Laminitis and frost

Joined
21 June 2021
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13
I know it’s a topic that gets talked about a lot but a lot of the information I have read is for horses with laminitis. What about horses who aren’t prone but we don’t want to let them get it?

So I have 2. One is a Shetland (technically a Dartmoor hill pony). He is a little overweight but not terribly so. Not clipped and not rugged. He’s in at night and out in the day (over winter). He is on soaked hay when he’s in to help him get a little weight off.

It’s him I worry about more than my other who is a healthy Andalusian in work.

I have read the frost causes NSCs to be higher. I have also read a few conflicting things about what temperature it should be before turnout.

I’m interested in what people do in practice when it comes to frost. Thank you
 

meleeka

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14 September 2001
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7,433
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Hants, England
I’m of the opinion that they shouldn’t be that close to laminitis that frost will tip them over the edge. Mine live out on a bare field so I don’t worry about frost. If they didn’t I’d probably give hay first thing, so they are less likely to stuff their faces until it’s thawed.
 
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JackFrost

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27 October 2020
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465
My ponies have always been out whatever the weather and don't suddenly get laminitis when it's frosty. Current thinking is that there will be underlying issues like ems or cushings which will predispose to lami in the wrong circumstances.
If Shetland-technically-dartmoorhillpony 🤣 hasn't shown signs before, I wouldn't be worrying.
 

HappyHollyDays

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2 November 2013
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On the edge of the Cotswolds
I have one laminitic prone pony who can go for ages without it and then even when he is slim and in work will succumb as he did last summer due to concussion so if it is frosty I feed him a much larger chaff breakfast and put hay out in the field. Touching wood, so far it has worked. More of an issue is the one with EMS because it’s been so mild and the grass is growing his insulin has taken a bit more managing this winter.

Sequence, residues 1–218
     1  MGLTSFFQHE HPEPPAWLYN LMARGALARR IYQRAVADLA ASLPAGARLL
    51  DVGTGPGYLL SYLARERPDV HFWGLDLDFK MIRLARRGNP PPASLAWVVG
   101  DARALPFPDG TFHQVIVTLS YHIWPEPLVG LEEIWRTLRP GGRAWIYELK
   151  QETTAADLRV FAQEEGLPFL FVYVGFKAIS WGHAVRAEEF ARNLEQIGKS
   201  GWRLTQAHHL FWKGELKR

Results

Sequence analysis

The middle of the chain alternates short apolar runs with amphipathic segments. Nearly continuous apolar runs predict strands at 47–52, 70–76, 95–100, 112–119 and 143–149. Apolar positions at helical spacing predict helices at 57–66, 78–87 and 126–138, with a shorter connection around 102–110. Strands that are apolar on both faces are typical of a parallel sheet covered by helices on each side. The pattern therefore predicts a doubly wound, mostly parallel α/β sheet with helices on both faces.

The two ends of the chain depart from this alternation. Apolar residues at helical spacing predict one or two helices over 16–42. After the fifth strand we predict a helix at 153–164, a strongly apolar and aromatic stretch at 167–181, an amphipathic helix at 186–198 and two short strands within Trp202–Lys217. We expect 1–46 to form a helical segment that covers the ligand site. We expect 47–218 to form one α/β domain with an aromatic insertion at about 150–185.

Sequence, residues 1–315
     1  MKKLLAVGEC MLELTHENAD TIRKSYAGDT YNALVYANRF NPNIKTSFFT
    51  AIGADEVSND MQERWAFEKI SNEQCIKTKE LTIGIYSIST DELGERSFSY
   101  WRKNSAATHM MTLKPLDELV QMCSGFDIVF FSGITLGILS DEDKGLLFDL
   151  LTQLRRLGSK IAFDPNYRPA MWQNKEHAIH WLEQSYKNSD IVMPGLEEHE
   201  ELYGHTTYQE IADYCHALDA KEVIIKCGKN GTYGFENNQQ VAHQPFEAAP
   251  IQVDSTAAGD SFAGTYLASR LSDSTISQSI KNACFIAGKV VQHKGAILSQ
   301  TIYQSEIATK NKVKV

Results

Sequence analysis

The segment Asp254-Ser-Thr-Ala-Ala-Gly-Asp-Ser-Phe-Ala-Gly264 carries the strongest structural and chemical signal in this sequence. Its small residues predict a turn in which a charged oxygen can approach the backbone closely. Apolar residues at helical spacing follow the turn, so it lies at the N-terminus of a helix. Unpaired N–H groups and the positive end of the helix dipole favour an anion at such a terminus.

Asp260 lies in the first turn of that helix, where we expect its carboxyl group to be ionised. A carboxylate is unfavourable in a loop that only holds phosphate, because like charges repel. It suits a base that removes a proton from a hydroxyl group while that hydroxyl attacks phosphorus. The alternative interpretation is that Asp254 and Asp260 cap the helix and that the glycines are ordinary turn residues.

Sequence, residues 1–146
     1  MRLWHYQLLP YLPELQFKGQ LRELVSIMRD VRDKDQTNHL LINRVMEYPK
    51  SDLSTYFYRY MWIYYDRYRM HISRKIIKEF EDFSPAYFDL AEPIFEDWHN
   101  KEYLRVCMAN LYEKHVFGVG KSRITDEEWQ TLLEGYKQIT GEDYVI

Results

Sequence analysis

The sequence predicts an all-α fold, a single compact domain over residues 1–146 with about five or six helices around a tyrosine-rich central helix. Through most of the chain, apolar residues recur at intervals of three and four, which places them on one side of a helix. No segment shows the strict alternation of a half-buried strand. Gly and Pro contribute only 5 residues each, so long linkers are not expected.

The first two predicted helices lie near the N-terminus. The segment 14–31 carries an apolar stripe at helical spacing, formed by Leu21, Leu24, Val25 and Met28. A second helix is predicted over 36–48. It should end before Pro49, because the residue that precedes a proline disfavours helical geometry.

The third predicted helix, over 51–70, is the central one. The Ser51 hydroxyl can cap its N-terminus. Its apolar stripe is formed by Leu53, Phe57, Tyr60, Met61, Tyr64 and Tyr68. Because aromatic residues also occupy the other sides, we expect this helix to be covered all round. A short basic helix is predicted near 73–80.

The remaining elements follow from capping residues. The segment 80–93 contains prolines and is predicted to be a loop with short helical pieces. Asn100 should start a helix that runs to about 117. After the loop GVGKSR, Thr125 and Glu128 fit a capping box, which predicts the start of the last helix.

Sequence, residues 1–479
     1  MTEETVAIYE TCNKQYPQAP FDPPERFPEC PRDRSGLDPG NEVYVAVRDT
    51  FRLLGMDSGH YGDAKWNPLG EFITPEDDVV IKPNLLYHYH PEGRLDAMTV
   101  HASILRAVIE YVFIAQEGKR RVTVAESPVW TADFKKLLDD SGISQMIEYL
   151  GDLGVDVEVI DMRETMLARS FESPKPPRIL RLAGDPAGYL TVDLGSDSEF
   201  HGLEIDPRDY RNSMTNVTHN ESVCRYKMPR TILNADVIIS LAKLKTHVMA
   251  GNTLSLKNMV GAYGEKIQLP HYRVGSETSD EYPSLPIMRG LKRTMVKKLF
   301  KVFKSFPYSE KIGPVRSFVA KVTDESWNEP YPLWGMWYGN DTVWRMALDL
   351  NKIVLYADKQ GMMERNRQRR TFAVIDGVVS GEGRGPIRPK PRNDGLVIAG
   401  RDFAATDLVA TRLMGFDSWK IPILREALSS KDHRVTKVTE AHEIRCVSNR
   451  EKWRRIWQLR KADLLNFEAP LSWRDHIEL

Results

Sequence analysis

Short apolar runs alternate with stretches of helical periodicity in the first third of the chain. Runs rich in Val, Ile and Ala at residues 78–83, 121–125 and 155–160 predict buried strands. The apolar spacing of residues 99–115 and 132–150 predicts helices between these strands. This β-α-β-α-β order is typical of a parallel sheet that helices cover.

Melandmary

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26 January 2021
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274
My mare got lami last spring after we had alot of frosty mornings and my hay supplier had run out. There was plenty of grass in the field so i wrongly didn't worry about no hay as on previous yards ahe had regularly been turned out onto frosty grass. Never again. This winter i atarted turning her out at night and then bringing her in during the day because that is the worst time to eat frosty grass. Now that they are out 24/7 but on hardstanding and sand paddock with shelter being fed hay so i don't have that worry now thankfully.
 

holeymoley

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18 November 2012
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3,763
Mine (ems) always gets some hay and turned out late morning when it’s began to thaw. I don’t know, I’m slightly skeptical of the risks of it, I think i’d probably be more concerned with colic.
 

laura_nash

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17 July 2008
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2,357
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Ireland
I've had one laminitic pony who was very sensitive to cold, it didn't seem to relate to eating frosty grass just that cold hooves would trigger it. He had to be kept in on a deep bed or wear hoof boots on cold nights.

Others weren't impacted by cold directly. High sugar in grass from sun and cold weather would have an impact but whether the grass was frosted or not didn't seem to matter.

I would keep mine off grass altogether in that type of weather for any that might be at risk.

If I'm turning out on frosty grass I will give a bit of hay or straw chaff just before turnout, just to make sure they don't have an empty stomach. No idea if it's necessary, but it makes sense to me. More for comfort and avoiding colic than laminitis though.
 

Sprogladite01

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11 September 2019
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124
I have two who are at risk and when it's frosty they stay in the yard with hay. I'm very lucky that they are at home with me so when it's warmed up I can then turn them out. The last few days they have both stayed in with hay (their little stable yard connects to a lunge pen and a small area with mud control mats on it) so it's been a double bonus of keeping them off the frosty grass plus having their legs and feet nice and dry for a few days. I appreciate how lucky I am to have that flexibility though!
 
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